• Log-in security. You’re locked out of your account after too many failed log-in attempts. Plus, you’re auto-logged out after a few minutes of inactivity and there are firewalls in place so only authorized people can log in.
  • SMS codes. To ensure you say who you are, banks will also send codes to your phone to authorize new transactions.

Quick tips for using everyday bank accounts

  • Take advantage of cash back opportunities. If you’re paying for purchases using your debit card, ask for cash out at the same time rather than withdrawing at an ATM. This counts as one transaction, not two, and lets you avoid any potential ATM fees.
  • Monitor your transaction history. If your account has a limit on the number of transactions you can make each month before fees apply, monitor your account regularly and try to work out ways to minimize your transactions where possible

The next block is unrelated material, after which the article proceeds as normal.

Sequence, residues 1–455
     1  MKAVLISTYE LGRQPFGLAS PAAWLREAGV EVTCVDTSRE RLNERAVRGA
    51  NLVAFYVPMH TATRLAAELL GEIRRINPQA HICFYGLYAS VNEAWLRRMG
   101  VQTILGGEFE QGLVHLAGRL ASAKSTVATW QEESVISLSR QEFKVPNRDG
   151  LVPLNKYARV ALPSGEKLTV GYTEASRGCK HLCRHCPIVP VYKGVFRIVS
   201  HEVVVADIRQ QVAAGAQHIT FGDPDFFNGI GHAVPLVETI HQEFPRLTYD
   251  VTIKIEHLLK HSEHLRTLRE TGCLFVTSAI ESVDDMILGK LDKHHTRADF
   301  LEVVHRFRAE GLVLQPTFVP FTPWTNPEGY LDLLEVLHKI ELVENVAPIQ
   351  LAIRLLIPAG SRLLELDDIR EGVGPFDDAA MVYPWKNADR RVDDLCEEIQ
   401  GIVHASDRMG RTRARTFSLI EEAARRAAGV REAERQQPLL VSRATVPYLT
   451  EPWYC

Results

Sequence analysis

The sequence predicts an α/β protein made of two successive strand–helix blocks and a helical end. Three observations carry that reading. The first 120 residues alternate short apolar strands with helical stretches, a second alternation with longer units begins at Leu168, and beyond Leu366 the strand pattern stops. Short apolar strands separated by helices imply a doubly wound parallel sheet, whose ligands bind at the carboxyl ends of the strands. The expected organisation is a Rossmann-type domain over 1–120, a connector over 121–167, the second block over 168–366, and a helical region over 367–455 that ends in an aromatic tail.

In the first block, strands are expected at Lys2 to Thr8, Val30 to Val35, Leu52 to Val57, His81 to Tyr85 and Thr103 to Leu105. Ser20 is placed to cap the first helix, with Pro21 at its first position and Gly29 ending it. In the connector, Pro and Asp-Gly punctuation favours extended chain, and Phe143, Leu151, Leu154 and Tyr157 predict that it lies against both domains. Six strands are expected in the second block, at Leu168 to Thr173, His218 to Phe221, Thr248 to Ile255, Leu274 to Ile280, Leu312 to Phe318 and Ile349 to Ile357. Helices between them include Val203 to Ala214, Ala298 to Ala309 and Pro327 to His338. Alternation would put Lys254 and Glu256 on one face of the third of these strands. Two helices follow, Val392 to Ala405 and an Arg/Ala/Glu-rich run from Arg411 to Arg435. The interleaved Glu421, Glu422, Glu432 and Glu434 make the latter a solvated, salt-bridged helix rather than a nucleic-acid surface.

• Bank securely with credit. When you make a purchase, should you choose debit or credit? By choosing credit, you’ll be activating enhanced security or the complimentary insurance policies offered on your card.
  • Find ways to waive fees. If you’re currently paying a monthly account-keeping fee on your account, ask your bank what options you have for getting that fee waived. They may suggest opening a savings account, signing up for direct deposit or maintaining a minimum balance to get rid of that fee. They may also suggest a different transaction account that could end up suiting your needs better in the long run.

Using your bank account for international transactions

Is it possible to reverse a foreign exchange transaction on my transaction account? You will need the help of your bank in most circumstances, but if you have the supporting documentation then you should be able to reverse a foreign exchange transaction.

Is it possible to cash out an international check? Yes, some US financial institutions will accept an international check deposit, although the funds could take longer to clear and you may be charged international transaction fees.